Chelsea are one of the top Premier League teams in terms of performance compared with wages paid to players, figures show.Jose Mourinho's team are 10 points clear at the top of the table but are only the third-highest payers with a wage bill of £192.7million behind Manchester United (£215.8m) and Manchester City (£205m).
Another top performing side are Southampton who are only ranked 16th in the top flight in terms of their wage bill (£55.2m) and yet they are having a stunning season and are currently seventh in the Premier League.
The biggest under-achievers are QPR whose salary bill was almost twice what the club earned in total last season.
A £75.3m wage bill - even from a season when they were in the Championship - makes them the eighth-highest payers yet they are struggling in 19th place and facing the drop to the second tier again.
The wages costs and profits or losses of all top-flight clubs for 2013/14 have been revealed via annual accounts posted at Companies House and overall there is a close correlation between total salary bill and league position, with the current top four in the Premier League also the four biggest payers.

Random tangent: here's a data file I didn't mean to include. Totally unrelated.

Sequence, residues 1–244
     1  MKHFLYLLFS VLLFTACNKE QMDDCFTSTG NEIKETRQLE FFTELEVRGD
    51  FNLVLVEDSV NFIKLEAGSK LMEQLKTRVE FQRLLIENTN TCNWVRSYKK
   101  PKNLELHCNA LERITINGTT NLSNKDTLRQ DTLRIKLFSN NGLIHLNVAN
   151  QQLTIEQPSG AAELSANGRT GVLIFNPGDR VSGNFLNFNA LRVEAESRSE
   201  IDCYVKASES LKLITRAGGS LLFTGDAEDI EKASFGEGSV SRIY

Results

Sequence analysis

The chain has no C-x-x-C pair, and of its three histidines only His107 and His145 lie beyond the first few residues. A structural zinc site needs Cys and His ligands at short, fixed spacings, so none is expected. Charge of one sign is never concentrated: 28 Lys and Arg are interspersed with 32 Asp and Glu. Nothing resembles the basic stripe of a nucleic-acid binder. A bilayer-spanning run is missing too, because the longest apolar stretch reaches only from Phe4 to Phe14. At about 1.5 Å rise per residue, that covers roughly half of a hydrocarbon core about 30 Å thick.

The combined accounts of the 20 clubs shows over overall turnover rose to £3.07billion from £2.3bn in 2012/13 with wages increasing too but at a slower rate and totalling £1.84bn compared with £1.59bn.
The latest figure shows salaries account for 59.9 per cent of turnover compared with 71.7 per cent for the same 20 clubs a year before.
The increase in income is mainly down to the Premier League's lucrative TV deal that came into effect for the first time last season. The cash injection has led to six clubs who were in the red in 2012/13 now reporting a surplus.
Apart from those clubs who were promoted from the Championship last season, only Manchester City, Aston Villa and Sunderland ended the 2013/14 season having made a financial loss.
Premier League director of communications Dan Johnson said the clubs' decision in 2013 to introduce spending controls had also contributed to a positive financial outlook.
Johnson said: "There are two reasons for this. The first is increasing revenues and the second is the financial criteria the clubs have voted in two seasons ago which put financial sustainability at the heart of how they want to go forward."
The measures introduced by the clubs capped the amount they could use TV money to pay for player costs. It also put a long-term limit on a club's overall losses.